That is when you can send a personalized text message, call them on the phone, or have them come in the office to chat. As a basketball coach, it is important to know not only the pulse of your whole team but also the pulse of each player.

The second thing is during practice. I always make a concentrated effort to speak with each player before the start of practice. Sometimes this is in pre-practice while getting shots up, or sometimes this is during stretching before practice. I do this before practice because I want to get a feel for how each player is doing that day. This helps me figure out their mentality at practice. Do I need to push them a little harder? Should I pull back a little? Do I go as I normally would?

That daily communication in practice will help me get a feel for how to make sure I’m coaching them the best way so I can help them succeed. One other thing I do during practice is always have some sort of physical contact with each player. Whether it’s a high five, a fist bump, or a pat on the back, I always want my players to know that I recognize their efforts and commitment to the team.

 

 

Call Basketball Players by Their First Name

When we are born, we are given first names for a reason. That name is who we are to be addressed as for the rest of our lives. Sure, nicknames and abbreviations will be created throughout the different stages of our lives, but those still aren’t our given names.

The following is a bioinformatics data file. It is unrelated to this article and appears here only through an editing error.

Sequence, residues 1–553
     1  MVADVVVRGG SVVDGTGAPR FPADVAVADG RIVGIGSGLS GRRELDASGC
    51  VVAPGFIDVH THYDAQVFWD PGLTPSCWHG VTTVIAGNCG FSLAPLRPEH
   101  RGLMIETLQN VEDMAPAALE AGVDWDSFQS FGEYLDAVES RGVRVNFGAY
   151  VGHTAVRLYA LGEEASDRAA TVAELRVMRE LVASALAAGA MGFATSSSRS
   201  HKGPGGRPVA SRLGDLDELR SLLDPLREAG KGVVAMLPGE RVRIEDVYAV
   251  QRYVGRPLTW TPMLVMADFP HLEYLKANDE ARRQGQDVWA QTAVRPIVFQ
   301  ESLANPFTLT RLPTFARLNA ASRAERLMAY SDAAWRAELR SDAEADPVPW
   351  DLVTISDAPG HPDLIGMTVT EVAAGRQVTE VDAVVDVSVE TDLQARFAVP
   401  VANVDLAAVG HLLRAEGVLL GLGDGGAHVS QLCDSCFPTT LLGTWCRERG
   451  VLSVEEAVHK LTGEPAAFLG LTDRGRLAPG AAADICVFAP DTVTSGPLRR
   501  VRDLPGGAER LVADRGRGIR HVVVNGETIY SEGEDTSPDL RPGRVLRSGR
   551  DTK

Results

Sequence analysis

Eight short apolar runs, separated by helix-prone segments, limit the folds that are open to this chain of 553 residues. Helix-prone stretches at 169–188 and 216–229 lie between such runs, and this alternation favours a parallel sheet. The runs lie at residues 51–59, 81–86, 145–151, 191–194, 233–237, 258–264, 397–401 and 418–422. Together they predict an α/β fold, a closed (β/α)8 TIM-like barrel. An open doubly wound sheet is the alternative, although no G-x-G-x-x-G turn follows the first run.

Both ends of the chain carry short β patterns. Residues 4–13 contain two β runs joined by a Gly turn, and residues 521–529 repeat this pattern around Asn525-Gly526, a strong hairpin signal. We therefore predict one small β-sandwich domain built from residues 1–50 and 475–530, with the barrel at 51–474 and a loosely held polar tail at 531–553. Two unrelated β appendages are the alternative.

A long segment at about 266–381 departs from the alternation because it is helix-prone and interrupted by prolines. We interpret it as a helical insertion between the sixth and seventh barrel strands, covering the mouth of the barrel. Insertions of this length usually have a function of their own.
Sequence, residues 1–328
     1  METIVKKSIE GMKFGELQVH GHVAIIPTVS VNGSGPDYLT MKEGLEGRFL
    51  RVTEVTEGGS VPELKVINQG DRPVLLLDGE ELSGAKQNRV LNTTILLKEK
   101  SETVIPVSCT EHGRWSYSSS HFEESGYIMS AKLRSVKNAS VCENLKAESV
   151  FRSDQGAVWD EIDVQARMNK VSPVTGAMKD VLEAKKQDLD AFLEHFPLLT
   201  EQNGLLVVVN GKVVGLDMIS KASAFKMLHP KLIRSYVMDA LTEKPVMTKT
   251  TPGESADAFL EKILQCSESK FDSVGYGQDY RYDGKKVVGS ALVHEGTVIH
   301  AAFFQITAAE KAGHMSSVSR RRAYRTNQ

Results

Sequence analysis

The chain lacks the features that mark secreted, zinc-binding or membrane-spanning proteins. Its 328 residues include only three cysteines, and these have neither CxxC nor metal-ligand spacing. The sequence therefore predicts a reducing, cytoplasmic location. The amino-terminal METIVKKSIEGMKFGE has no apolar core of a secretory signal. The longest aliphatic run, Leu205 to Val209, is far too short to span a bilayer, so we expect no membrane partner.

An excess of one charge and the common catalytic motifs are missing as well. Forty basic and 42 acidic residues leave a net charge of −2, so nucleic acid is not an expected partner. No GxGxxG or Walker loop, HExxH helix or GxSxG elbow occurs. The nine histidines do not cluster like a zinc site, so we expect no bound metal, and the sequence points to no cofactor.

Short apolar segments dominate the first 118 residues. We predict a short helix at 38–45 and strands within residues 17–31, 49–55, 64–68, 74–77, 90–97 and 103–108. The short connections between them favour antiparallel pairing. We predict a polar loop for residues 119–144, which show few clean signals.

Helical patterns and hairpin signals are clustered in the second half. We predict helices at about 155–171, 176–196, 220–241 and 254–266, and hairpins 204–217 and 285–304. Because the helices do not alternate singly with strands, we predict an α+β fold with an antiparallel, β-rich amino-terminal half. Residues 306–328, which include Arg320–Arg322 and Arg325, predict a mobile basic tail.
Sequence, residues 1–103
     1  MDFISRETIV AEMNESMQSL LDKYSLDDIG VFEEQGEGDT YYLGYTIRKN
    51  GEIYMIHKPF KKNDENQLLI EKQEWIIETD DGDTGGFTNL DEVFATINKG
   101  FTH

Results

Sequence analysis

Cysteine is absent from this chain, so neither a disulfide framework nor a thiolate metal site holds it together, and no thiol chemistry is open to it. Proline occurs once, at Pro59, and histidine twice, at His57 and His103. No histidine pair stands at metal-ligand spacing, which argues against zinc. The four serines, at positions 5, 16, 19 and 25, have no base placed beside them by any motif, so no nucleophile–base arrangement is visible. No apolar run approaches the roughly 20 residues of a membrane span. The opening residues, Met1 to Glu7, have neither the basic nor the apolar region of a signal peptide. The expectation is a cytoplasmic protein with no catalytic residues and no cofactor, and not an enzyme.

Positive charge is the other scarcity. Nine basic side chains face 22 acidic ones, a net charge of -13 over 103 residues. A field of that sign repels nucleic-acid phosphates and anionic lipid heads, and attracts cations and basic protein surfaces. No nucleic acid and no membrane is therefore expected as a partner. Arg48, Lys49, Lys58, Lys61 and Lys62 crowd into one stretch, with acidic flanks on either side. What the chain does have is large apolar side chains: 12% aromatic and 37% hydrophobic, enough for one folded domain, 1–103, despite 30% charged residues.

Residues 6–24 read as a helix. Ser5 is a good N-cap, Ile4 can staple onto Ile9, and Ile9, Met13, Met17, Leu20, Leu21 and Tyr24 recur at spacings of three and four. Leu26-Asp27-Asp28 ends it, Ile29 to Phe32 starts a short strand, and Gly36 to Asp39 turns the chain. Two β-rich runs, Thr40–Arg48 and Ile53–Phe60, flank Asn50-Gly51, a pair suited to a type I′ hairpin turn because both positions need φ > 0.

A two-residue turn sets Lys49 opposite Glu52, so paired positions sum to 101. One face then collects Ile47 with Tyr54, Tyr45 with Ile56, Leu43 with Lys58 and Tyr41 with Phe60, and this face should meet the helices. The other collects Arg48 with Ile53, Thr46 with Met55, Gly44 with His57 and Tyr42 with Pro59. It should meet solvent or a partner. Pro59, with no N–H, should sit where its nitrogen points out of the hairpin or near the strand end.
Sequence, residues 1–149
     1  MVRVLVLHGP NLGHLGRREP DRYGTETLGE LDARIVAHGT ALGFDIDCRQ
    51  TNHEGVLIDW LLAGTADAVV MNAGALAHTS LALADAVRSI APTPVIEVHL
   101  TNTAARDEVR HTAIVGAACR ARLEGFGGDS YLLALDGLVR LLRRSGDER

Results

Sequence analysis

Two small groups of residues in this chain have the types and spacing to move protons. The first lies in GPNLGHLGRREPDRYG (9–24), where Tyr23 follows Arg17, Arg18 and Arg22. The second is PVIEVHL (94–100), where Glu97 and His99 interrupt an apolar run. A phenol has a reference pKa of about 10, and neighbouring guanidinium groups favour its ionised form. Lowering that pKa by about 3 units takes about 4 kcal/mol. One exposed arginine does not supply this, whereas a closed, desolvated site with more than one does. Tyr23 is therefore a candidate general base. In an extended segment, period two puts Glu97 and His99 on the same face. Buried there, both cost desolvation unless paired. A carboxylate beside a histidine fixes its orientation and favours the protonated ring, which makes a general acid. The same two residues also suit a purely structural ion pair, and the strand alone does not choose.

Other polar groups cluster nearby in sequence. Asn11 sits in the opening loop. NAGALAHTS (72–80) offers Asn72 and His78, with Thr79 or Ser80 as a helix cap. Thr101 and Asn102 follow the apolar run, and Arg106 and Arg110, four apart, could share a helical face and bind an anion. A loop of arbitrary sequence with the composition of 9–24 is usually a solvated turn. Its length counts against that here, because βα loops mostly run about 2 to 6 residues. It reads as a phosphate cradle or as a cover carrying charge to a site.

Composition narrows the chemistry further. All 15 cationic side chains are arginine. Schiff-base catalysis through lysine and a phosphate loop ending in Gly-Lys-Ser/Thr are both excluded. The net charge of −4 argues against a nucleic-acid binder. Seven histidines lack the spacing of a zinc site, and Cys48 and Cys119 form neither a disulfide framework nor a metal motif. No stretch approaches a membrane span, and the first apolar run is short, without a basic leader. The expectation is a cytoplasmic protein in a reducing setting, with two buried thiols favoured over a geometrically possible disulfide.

I have always felt that players respond when you look them in the eye and call them by their given names. As I mentioned before, sometimes they may have a nickname or initials that they like to be addressed by. Usually, when that is the case, I like to double-check and make sure the player is OK with me addressing him that way.

One thing that I will never do is address a player by his last name. While a surname is extremely important to a player and is a family name, it’s not their first name. To me, it is a sign of disrespect when you address a player by his last name. Often when we are mad at a player for not doing something right, we call him by his last name while using a raised voice.